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Photo by Retis on Flickr

First, we have Bob Hoffman’s Advertising Week Europe speech, “The Golden Age of Bullshit” in which he defends the still-quite-alive-thank-you-very-much advertising industry from the slings and nerf-tipped arrows of “engagement” and “brand relationships” crowd.

Ok, fine.

Calling advertising dead was always over the top, and poking the bear inevitably results in a mauling. Hoffman followed up, unrepentantly, with a thoughtful blog post that yet continues his mockery of the self-appointed social media elite.

Ok, fine.

From within the comfortable confines of Social Media Marketing, I have always cast a cynical eye to what many of us referred to the “snake oil” of social: the over-reliance of engagement over results; the emphasis of soft results over hard numbers; the circling of the wagons-of-peers over the service of business goals.

But here’s the thing: that’s not the entirety of social media marketing. While he acknowledges that not all social media marketers are full of it, I do have the distinct  feeling that Hoffman has found a fun new axe to swing; he is going to use the fact that he is largely right as an excuse to beat social media into the ground in favor of King Ad, with a resulting swing of the pendulum all the way back until Madge is soaking in it up to her neck.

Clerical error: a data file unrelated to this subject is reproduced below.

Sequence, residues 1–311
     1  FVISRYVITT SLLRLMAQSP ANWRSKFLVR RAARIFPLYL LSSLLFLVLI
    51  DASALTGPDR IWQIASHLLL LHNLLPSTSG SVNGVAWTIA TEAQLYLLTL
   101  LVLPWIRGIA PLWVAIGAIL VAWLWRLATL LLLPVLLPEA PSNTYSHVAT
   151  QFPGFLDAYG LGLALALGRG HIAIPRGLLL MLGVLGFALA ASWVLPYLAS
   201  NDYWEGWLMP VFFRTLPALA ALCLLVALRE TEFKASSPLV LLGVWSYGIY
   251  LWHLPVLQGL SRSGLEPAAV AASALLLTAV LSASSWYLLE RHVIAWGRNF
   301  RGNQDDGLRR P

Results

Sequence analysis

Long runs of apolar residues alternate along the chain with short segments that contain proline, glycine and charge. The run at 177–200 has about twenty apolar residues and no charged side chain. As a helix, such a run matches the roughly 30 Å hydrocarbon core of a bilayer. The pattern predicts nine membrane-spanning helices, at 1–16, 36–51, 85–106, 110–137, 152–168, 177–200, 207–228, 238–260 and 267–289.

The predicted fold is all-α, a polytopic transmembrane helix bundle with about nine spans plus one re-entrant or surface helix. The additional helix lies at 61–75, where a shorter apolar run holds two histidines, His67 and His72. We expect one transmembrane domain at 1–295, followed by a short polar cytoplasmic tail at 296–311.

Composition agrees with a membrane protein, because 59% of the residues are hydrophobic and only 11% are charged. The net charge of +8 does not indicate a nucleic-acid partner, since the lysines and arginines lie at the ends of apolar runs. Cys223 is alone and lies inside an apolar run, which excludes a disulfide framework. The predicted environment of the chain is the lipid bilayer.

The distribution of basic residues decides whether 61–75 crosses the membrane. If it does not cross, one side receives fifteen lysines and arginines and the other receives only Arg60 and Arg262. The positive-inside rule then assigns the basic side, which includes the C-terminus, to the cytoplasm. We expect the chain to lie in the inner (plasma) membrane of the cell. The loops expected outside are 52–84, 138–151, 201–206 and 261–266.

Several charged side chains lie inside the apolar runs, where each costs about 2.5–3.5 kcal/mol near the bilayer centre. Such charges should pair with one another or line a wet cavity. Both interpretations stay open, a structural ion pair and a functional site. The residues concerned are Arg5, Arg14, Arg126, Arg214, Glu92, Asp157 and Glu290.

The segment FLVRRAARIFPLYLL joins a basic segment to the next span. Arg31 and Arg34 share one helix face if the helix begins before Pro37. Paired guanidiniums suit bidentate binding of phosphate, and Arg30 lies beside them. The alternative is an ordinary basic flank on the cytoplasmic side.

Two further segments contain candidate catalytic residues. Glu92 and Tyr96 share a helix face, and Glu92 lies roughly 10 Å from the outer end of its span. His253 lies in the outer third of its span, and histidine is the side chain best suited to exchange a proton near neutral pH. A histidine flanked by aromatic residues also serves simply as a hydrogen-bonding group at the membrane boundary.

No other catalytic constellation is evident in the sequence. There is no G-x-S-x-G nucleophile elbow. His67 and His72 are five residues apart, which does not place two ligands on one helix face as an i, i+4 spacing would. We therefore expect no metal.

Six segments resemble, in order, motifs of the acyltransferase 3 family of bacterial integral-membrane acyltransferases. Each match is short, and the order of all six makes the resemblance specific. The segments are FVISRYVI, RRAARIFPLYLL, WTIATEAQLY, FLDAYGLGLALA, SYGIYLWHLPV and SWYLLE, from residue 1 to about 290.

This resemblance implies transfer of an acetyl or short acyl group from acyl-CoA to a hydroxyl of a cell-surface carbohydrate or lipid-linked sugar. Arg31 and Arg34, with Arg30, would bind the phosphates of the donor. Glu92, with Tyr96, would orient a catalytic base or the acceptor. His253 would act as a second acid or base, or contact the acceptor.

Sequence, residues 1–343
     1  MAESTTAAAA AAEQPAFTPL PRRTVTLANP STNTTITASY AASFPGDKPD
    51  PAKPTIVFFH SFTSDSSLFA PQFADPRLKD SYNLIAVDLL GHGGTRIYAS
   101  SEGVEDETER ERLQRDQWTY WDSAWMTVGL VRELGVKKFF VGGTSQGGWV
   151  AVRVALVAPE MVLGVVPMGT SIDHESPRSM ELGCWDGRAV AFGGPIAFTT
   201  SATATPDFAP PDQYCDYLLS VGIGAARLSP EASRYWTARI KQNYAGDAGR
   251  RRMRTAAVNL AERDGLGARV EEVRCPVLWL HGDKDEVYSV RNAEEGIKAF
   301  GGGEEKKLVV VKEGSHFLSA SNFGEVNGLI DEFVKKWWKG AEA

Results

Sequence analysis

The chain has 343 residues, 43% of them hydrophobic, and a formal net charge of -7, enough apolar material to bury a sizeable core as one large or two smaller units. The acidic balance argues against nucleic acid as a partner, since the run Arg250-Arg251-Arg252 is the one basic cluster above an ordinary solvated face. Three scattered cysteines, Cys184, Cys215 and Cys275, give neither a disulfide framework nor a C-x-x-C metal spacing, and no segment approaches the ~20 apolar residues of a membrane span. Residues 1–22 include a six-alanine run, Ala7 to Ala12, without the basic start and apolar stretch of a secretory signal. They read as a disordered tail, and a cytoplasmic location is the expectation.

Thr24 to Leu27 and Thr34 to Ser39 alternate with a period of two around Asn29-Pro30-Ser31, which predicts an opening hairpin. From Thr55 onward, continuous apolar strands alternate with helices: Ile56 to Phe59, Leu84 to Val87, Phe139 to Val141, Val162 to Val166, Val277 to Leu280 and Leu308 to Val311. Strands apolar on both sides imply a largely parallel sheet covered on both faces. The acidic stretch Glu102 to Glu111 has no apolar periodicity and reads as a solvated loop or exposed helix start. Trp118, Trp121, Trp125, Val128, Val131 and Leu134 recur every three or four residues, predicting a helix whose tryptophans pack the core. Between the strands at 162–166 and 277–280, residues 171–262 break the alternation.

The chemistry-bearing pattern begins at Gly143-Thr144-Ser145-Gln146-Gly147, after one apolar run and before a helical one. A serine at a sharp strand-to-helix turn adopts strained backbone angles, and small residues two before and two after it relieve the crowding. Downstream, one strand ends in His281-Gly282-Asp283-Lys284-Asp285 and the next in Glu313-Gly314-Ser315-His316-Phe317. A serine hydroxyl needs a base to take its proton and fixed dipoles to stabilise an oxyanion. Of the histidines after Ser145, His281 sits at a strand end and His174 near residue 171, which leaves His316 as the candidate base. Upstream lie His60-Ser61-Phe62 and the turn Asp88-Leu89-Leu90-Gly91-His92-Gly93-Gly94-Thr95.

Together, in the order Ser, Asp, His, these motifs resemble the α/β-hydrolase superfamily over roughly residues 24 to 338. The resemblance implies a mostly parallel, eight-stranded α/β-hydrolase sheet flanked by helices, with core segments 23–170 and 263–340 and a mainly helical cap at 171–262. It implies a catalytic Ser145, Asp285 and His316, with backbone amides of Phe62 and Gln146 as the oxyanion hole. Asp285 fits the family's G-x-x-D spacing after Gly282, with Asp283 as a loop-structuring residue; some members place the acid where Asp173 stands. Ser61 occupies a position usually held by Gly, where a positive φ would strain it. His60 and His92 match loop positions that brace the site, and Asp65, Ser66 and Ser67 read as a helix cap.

In the meantime, social media marketers have found religion; we are seeing multiple blog posts decrying the social media imperatives that brands need to engage as humans, that people want to be Facebook pals with corporations, all as if this were a new idea.

The latest I noticed is Jason Falls’ post, “An Apology to Brands on Behalf of Social Media Experts Everywhere.” In it, Jason (who I know and like from the Social Media blogging and conference circuit), lays out the crime that social media marketers have been committing against brands since the beginning: that our insistence that brands be “human” and engage” was a lie.

Speak for yourself, Jason. I won’t claim never to have fallen in with the “engage” crowd, but I’m not a big fan of one “guru” trying to speak for the entire industry. And since I had a cuss-word to start, I’ll keep this R-rated; we didn’t all fuck this up. In fact, most of us still think we haven’t fucked it up.

The smart people in the industry haven’t called for the end of advertising (as if we could); we valued engagement but not at the expense of sales and attainable metrics; we were aware of the scale of social media versus the rest of our clients’ and employers’ business goals.

The idea of brands being able to publish and speak for themselves online is still pretty new and still forming and changing–

— in fact, stop —

The whole reason this painful self-examination and these attempted assassinations by the never-threatened ad industry is clear: it’s Facebook ceasing to pretend that brand exposure is free, isn’t it? Just ask Jeff Esposito. This set off the hysteria in the guise of a salvo of smoke bombs to distract the world while social media scrambles to understand “paid media.” Pardon our appearance while we re-brand our industry.